The Kitimat Terrace Clean Air Coalition is an independent group of citizens who are advocates for clean air.
One of our key concerns at the moment is the permission Rio Tinto (RT) received to nearly double its emissions of Sulfur Dioxide (SO2) from its Kitimat Smelter to just over 40 metric tonnes per day.
Some of our members were directly involved in appealing the permit that RT was given to allow this increase.
One of us was the Chief Medical Health Officer for Northern Health at the time when the permit was being considered.
None of us believe that the process so far has adequately protected the health of people in the air shed; rather, we can see from the beginning how the process has been stage managed by RT and its consultants in collaboration with the Ministry of Environment (MOE).
Public information sessions were hosted by them prior to and after the permit was issued. Staff from the MOE were seconded to and paid by RT during the permitting discussions, and the recommendation by Northern Health that the permit should include a requirement to install scrubbers to reduce SO2emissions to the lowest achievable level was ignored.
The current public consultation structure, the Kitimat Public Advisory Committee (KPAC), is also hosted and managed by RT/MOE, which ensures that there is a strong process bias toward the interests and needs of RT and away from a precautionary and prudent approach to protecting the health of the environment and the people exposed to emitted SO2 in this air shed.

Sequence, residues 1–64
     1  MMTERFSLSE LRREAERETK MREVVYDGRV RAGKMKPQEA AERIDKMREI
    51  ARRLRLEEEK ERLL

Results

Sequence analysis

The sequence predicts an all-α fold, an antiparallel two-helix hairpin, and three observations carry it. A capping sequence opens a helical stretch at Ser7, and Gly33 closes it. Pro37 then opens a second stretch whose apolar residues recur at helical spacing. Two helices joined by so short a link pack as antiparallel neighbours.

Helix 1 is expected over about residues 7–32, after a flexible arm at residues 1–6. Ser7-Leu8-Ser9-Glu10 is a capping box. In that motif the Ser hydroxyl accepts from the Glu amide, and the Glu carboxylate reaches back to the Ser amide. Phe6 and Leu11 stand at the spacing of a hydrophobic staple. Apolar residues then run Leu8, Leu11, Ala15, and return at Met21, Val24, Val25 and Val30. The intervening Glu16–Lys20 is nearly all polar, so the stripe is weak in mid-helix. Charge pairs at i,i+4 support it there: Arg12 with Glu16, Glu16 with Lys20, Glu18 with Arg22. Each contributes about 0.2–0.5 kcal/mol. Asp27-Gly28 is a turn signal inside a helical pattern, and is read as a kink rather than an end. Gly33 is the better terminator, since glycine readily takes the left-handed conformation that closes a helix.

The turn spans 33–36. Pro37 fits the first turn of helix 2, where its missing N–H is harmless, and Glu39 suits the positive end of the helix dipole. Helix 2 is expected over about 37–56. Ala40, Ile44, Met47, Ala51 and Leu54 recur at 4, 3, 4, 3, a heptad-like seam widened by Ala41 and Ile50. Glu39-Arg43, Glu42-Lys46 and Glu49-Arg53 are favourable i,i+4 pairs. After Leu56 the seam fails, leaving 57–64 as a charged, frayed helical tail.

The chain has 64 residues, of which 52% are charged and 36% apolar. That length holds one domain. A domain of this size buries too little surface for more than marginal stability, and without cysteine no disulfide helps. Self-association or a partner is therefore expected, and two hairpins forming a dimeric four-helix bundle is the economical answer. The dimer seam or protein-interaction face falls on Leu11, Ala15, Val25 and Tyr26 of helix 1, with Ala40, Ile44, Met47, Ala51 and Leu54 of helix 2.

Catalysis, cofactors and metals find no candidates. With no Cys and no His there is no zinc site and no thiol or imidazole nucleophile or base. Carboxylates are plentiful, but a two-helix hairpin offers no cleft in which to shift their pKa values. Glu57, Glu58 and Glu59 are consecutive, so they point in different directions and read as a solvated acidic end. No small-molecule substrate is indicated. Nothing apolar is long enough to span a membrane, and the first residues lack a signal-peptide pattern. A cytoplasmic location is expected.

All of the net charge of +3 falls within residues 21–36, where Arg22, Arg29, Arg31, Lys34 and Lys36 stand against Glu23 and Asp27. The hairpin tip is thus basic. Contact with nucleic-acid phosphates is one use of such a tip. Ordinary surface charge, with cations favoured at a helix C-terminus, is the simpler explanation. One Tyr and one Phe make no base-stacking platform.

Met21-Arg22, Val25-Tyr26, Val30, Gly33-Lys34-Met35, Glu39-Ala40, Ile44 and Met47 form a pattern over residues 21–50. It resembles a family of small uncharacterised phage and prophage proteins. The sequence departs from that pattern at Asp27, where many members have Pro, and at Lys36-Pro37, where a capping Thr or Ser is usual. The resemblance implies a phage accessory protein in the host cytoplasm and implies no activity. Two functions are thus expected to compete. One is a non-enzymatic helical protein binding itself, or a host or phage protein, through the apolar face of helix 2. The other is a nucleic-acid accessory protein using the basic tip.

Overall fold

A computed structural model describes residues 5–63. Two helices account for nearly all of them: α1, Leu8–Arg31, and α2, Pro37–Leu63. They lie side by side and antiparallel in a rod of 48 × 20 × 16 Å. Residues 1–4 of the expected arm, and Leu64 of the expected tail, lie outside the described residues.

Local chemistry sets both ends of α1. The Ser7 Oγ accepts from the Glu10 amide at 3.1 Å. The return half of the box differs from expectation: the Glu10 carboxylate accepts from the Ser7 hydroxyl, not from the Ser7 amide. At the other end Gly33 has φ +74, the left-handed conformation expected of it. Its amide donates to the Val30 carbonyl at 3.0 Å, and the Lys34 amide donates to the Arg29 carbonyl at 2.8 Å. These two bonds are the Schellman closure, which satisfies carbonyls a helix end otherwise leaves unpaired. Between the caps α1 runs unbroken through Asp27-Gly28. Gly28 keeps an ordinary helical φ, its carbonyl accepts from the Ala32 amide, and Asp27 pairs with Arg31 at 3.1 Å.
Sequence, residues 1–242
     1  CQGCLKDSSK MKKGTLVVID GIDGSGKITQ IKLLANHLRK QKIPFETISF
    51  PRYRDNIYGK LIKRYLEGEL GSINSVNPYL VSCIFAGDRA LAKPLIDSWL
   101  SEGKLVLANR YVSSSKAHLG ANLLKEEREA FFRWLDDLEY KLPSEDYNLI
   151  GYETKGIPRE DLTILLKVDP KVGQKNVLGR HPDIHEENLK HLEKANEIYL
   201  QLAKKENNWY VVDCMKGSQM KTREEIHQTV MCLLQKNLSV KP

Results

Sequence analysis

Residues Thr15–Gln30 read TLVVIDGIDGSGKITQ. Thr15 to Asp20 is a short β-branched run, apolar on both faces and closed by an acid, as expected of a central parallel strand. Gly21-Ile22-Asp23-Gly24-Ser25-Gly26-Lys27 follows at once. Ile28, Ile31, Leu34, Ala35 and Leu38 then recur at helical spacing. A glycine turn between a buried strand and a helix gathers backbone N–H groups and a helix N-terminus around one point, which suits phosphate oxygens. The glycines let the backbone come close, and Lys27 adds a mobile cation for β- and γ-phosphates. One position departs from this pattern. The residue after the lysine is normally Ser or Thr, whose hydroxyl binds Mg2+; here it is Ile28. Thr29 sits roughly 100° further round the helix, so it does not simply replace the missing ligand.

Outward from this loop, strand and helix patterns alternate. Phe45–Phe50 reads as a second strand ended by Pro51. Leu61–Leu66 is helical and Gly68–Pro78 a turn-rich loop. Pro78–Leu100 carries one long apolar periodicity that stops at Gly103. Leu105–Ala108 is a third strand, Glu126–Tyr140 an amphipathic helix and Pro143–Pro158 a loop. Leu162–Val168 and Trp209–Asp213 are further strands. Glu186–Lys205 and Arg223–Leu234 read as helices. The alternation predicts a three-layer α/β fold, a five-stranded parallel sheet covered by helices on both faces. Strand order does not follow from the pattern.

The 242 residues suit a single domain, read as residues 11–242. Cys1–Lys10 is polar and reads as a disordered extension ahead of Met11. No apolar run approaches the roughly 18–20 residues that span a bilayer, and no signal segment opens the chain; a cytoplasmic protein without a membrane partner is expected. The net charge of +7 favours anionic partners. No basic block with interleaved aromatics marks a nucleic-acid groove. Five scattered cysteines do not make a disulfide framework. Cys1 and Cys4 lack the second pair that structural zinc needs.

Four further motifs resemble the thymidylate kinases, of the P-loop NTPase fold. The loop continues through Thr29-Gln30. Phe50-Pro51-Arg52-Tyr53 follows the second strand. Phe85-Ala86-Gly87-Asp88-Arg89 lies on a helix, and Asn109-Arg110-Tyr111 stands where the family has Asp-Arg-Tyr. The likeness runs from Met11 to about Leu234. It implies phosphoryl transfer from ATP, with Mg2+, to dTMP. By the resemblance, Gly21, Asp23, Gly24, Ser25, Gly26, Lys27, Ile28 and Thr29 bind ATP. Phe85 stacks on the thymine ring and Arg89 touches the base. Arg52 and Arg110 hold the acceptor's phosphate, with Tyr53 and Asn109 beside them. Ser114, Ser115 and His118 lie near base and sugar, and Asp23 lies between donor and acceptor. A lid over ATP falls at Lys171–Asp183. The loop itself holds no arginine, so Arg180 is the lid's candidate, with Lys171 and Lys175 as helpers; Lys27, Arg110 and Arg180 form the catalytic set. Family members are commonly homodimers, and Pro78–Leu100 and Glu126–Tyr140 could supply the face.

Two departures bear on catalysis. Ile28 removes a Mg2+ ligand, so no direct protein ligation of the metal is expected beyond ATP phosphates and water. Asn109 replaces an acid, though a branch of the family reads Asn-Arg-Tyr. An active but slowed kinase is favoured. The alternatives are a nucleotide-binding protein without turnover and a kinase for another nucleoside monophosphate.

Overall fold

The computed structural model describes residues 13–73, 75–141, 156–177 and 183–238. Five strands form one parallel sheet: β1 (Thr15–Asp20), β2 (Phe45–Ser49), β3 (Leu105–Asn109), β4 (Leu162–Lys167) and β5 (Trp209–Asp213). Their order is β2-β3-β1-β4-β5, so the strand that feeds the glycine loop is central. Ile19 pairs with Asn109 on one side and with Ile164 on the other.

We believe RT should comply with world standards for aluminum smelting and install the necessary scrubbing technology to reduce SO2 emissions to the lowest achievable level. It is assumed, but not stated, that if a health study demonstrated that the increased SO2 emissions were causing harm to human health, the company would be obligated to take action and reduce their emissions.
This means that any study would have to be done with clear commitments from RT/MOE in relation to outcomes and actions. This is likely going to be difficult if not impossible.
There is a high probability in our minds that any study that RT would agree to would be so fraught with methodological caveats as to ensure no clear or actionable outcomes are achieved.
The main problems are the low population numbers in the region, the many other things other than SO2 that impact respiratory and cardiovascular health and so potentially confound any findings, and the political and privacy sensitivities around any study of this kind with the potential to impact someone’s bottom line.
Polluting first and asking the health questions later, as is being proposed, shifts the risk away from the polluter and on to the population who now are assuming that risk directly in relation to their health and the personal and public costs of health care, literally with every breath they take.
We live in a region where resource development is important and necessary for our well-being. Proponents and governments often say that the environment, health, and resource development are compatible and even mutually supportive.
Clean air is fundamental to the health of the environment and to good human health. Clean air itself should be viewed as an extremely valuable and even priceless resource.
Here in the Kitimat-Terrace corridor, we have a perfect opportunity to demonstrate by action that jobs and development, even on a large scale, don’t have to come at the cost of making us sick.
Kitimat Terrace Clean Air Coalition